As I recently read in a blog (I can't remember which one, unfortunately), "Independent thought, questions, and suggestions aren't good for maintaining the system. Things work a lot better if people stay in line and do what they are told. ... I'm pretty sure lots of us have had a similar conflict between the connection to God we feel and what we are told that connection should be.
"No wonder Constantine decided to omit the Gospel of Thomas when he was choosing which gospels to include in the nationalizing of Christianity. Unlike the other gospels which talk about the life of Jesus, the Gospel of Thomas primarily talks about his teachings. Many Christians believe this gospel is heresy because it isn't part of the traditional view of Jesus. That "traditional view" however was decided about 300 years after Jesus was around, by a Roman ruler whose primary interest was to centralize power of the state.
"When you know yourselves, then you will be known, and you will understand that you are children of the living Father. But if you do not know yourselves, then you live in poverty, and you are the poverty."
It's time for the followers of Christianity to realize that, although there are many things in the bible that are relevant and helpful, there are many others that just don't make sense in light of the things we have learned in the past 2,000 years. It's time to let God, and Christianity, grow up and go on to greater things in this new millenium.
Reverend Claudia "Red Feather" Barber
Monday, April 13, 2009, 9:22 AM
I just read a Journal post about dog yoga. I know there are some people out there who think all us dog-gone people are crazy and maybe they're right. But I'd rather be dog crazy than full of hate and animosity toward God's creation as some people are. I admit, I LOVE DOGS!! For me, they are the best representative of God's love for His children. They don't care what I smell or look like after a day of gardening or working in the house. They don't care how I feel although they seem to understand at a much deeper level than humans when I'm having a bad day or feeling down. They don't even care if, when my blood sugar is too low, I start yelling at them for no reason. They still love me; just like God still loves me. And that is what makes me dog-gone crazy about dogs.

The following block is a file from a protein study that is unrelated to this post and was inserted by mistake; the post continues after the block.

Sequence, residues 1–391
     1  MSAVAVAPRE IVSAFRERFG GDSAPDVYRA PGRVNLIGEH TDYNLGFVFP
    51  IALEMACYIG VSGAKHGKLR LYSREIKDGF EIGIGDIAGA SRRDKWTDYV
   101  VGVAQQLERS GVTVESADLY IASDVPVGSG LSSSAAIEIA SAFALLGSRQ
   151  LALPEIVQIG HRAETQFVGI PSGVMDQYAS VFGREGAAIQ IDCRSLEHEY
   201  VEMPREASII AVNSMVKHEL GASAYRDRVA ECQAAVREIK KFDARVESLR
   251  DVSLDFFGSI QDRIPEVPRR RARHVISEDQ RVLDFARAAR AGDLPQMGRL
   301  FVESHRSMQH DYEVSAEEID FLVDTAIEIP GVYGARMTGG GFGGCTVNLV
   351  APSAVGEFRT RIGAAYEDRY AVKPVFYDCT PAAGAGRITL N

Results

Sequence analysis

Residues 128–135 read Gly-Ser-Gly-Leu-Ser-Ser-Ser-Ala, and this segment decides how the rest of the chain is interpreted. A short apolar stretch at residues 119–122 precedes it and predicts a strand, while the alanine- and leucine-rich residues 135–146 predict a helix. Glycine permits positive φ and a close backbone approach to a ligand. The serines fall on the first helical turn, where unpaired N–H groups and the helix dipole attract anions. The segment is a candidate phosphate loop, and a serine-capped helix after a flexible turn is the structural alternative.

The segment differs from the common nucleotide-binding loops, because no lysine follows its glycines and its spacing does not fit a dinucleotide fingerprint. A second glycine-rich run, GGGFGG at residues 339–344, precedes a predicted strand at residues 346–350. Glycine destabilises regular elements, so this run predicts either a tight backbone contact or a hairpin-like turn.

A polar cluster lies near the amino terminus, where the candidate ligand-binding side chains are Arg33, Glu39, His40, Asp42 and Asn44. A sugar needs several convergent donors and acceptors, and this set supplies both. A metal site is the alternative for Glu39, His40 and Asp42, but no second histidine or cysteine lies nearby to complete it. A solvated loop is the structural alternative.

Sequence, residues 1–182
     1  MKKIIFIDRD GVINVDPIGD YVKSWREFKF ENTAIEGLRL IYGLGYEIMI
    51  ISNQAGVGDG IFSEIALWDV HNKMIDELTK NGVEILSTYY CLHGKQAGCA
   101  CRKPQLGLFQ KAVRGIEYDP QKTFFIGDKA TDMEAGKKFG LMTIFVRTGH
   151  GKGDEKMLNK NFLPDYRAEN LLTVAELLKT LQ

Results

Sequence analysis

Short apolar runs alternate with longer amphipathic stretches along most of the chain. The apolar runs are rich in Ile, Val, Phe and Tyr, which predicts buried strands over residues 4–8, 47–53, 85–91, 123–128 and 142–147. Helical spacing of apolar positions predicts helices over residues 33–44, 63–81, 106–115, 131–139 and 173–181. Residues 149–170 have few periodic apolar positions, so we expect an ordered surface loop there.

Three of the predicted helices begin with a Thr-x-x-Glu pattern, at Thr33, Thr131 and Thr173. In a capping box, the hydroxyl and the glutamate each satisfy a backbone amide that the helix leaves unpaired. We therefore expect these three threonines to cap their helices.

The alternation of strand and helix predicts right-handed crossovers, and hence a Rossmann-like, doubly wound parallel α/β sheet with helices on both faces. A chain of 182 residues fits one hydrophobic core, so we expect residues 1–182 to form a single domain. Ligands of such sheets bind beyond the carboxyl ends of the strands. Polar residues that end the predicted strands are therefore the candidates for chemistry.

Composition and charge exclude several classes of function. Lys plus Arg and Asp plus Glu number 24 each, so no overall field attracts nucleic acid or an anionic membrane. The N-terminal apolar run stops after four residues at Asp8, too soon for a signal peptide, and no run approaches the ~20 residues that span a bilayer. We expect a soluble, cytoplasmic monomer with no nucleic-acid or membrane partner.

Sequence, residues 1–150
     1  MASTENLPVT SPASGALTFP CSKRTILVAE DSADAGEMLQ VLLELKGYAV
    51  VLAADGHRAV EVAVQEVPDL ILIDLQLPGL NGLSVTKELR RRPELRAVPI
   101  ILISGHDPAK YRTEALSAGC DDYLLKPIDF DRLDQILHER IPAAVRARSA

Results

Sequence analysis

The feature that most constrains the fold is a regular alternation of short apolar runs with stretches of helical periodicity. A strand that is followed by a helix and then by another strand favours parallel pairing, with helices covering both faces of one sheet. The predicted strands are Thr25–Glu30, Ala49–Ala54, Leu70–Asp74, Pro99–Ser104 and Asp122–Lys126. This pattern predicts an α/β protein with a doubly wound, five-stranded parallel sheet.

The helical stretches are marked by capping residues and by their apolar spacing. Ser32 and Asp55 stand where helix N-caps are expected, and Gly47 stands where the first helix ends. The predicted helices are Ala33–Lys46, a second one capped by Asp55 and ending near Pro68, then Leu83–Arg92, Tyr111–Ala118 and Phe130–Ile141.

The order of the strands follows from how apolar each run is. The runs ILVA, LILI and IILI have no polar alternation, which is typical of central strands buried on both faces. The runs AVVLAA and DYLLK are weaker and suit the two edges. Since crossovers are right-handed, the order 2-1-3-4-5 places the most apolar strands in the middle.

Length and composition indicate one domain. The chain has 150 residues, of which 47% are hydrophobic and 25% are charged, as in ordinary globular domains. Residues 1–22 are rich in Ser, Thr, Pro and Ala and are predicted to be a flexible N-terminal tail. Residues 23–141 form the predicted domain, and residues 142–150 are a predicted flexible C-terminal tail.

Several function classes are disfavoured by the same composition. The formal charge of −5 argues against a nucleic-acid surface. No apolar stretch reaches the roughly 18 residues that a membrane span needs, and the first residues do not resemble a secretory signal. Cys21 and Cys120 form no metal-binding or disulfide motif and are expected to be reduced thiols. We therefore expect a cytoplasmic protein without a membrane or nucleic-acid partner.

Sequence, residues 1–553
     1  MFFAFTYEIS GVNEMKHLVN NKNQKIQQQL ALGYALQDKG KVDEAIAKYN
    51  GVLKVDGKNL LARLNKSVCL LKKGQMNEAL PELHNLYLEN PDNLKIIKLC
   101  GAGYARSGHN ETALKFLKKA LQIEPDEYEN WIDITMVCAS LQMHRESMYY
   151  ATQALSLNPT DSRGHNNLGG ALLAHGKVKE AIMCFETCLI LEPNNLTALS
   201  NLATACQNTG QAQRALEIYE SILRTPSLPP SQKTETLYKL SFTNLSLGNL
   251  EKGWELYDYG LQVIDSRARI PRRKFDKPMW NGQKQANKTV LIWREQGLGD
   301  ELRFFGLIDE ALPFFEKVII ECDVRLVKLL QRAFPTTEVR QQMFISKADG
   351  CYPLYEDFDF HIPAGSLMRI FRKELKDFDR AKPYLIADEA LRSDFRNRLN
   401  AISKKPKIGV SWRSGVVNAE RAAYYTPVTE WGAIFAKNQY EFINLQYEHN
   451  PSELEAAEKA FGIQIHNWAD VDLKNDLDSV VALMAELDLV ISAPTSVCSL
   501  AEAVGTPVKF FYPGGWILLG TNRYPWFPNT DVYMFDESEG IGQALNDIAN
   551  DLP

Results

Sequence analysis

Actually, I would much rather hear about people taking their dogs to yoga or church or whatever than hear about people fighting, torturing and killing their dogs, although that's what usually makes the news. As Saint Francis of Assisi and several other wise men have said, “If you have men who will exclude any of God's creatures from the shelter of compassion and pity, you will have men who will deal likewise with their fellow man.”
Amen to that. Even science is showing us that anyone who would deal cruelly with an animal will also deal cruelly with humans, usually children or powerless people. So is it too much to take your beloved dog to yoga or church or, in my case, nearly everywhere I go? I don't think so. And even if the dog doesn't understand everything we do with and for them, they enjoy the interaction as much as we do. It's better to love something than hate everything.
Reverend Claudia “Red Feather” Barber and her critters...Tootsie, Bentley, Dinky, Muffin, Ruby, Dusty Beaker, the Budgies, and One Fish